Tattooing4422
 ERCP assist03--
Biopsy22 (30.1)10 (15.4)13 (30.2)2 (6.5)
No intervention42 (57.5)42 (64.6)26 (60.5)20 (64.5)

Data are presented number (%).

DBE, double-balloon enteroscopy; SBE, single-balloon enteroscopy; GI, gastrointestinal; ERCP, endoscopic retrograde cholangiopancreatography.

Complication Rates in the DBE and SBE Groups

ComplicationAny indicationObscure GI bleeding


DBE group (n=73)SBE group (n=65)p-valueDBE group (n=43)SBE group (n=31)p-value
Presence2 (2.7)2 (3.1)1.0002 (4.7)00.506
Postprocedure elevated amylase2120
Perforation0100
Absence71 (97.3)63 (96.9)41 (95.3)31 (43.1)

Data are presented number (%).

DBE, double-balloon enteroscopy; SBE, single-balloon enteroscopy; GI, gastrointestinal.

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Tables

Clinical Characteristics of the Enrolled Patients

DBE group (n=73)SBE group (n=65)p-value
Age, yr50.6±17.950.1±22.00.894
Male/female35/3838/270.236
Insertion route0.279
 Oral approach3739
 Anal approach3626
Indications0.296
 Obscure gastrointestinal bleeding4331
 Abnormal finding of imaging studies76
 Unexplained GI symptoms and/or sign35
 Neoplastic lesion or polyposis1512
 Others03

Data are presented as mean±SD.

DBE, double-balloon enteroscopy; SBE, single-balloon enteroscopy; GI, gastrointestinal.

Insertion Depth and Procedure Times of Anterograde and Retrograde Approaches in the DBE and SBE Groups

Anterograde approachRetrograde approach


DBE groupSBE groupp-valueDBE groupSBE groupp-value
Depth of insertion, cm198±69177±990.273141±68123±530.278
Insertion time, min43±2029±180.00252±2042±240.076
Total procedure time, min77±2448±27<0.00178±2864±380.098

Data are presented as mean±SD.

DBE, double-balloon enteroscopy; SBE, single-balloon enteroscopy.

Diagnostic Yield of Small Intestinal Diseases in the DBE and SBE Groups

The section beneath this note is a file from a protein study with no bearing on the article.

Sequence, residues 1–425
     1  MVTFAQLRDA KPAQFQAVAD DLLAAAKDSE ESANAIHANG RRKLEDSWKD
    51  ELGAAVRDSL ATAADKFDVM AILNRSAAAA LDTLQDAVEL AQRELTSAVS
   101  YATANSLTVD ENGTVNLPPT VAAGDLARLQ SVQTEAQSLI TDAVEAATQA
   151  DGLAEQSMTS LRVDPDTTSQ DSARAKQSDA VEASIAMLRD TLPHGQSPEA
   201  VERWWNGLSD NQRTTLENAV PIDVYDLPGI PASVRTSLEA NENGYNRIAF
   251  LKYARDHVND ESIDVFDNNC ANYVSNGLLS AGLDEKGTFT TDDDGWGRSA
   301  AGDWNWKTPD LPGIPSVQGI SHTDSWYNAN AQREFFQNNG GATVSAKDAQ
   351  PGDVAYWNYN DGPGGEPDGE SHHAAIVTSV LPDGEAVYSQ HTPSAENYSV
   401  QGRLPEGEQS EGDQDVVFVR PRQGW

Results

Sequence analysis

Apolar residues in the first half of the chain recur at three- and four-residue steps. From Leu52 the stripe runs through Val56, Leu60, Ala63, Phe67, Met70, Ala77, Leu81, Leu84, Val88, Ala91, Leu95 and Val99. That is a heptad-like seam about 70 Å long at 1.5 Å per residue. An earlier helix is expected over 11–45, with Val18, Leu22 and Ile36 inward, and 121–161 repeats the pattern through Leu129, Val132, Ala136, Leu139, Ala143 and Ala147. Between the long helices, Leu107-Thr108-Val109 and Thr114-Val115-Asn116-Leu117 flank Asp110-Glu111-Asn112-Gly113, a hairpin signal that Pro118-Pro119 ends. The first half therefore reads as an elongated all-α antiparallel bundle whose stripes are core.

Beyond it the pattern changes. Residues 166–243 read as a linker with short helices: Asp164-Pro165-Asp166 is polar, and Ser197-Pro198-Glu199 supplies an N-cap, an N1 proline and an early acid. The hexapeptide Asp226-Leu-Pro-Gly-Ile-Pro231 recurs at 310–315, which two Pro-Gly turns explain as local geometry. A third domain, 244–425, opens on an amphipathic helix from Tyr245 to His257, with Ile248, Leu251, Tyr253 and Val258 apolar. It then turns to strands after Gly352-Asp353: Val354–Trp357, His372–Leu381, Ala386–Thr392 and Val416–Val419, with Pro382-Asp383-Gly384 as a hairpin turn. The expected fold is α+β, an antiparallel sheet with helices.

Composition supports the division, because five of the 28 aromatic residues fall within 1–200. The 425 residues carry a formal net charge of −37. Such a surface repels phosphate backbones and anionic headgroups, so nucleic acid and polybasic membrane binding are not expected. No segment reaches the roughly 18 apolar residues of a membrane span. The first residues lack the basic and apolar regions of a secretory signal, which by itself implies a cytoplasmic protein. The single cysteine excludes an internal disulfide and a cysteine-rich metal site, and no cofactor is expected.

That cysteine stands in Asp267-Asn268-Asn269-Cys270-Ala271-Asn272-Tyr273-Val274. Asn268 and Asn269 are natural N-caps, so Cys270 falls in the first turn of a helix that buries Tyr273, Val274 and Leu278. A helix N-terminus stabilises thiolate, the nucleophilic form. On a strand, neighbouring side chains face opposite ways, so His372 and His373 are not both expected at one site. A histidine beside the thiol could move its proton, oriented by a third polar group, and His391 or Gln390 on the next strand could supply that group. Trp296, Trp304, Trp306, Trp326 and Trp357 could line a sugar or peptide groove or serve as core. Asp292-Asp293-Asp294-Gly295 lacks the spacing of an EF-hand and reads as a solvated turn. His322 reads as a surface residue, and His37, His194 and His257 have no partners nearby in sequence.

Enteroscopic findingAny indicationObscure GI bleeding


DBE group (n=73)SBE group (n=65)p-valueDBE group (n=43)SBE group (n=31)p-value
Significant finding49 (67.1)42 (64.6)0.85724 (55.8)18 (58.1)1.000
 Inflammatory lesion201375
 Vascular lesion11393
 Neoplastic lesion12722
 Lesions in stomach, duodenum, or colon1413
 Diverticular lesion3333
 Other lesion21222
Negative finding24 (32.9)24 (36.9)19 (44.2)13 (41.9)

Data are presented number (%).

DBE, double-balloon enteroscopy; SBE, single-balloon enteroscopy; GI, gastrointestinal.

Therapeutic Yield in the DBE and SBE Groups

Therapeutic interventionAny indicationObscure GI bleeding


DBE group (n=73)SBE group (n=65)p-valueDBE group (n=43)SBE group (n=31)p-value
Any intervention31 (42.5)23 (35.4)0.48517 (39.5)11 (35.5)0.810
 Hemostasis158158
 Polypectomy7100
 Balloon dilation5701
 Tattooing4422
 ERCP assist03--
Biopsy22 (30.1)10 (15.4)13 (30.2)2 (6.5)
No intervention42 (57.5)42 (64.6)26 (60.5)20 (64.5)

Data are presented number (%).

DBE, double-balloon enteroscopy; SBE, single-balloon enteroscopy; GI, gastrointestinal; ERCP, endoscopic retrograde cholangiopancreatography.

Complication Rates in the DBE and SBE Groups

ComplicationAny indicationObscure GI bleeding


DBE group (n=73)SBE group (n=65)p-valueDBE group (n=43)SBE group (n=31)p-value
Presence2 (2.7)2 (3.1)1.0002 (4.7)00.506
Postprocedure elevated amylase2120
Perforation0100
Absence71 (97.3)63 (96.9)41 (95.3)31 (43.1)

Data are presented number (%).

DBE, double-balloon enteroscopy; SBE, single-balloon enteroscopy; GI, gastrointestinal.

Figures
Fig. 1. Forest plot for (A) the diagnostic yield, (B) the total enteroscopy rate, (C) the therapeutic yield, and (D) the complication rate of single-balloon enteroscopy (SBE) compared with double-balloon enteroscopy (DBE). RCT, randomized controlled trial.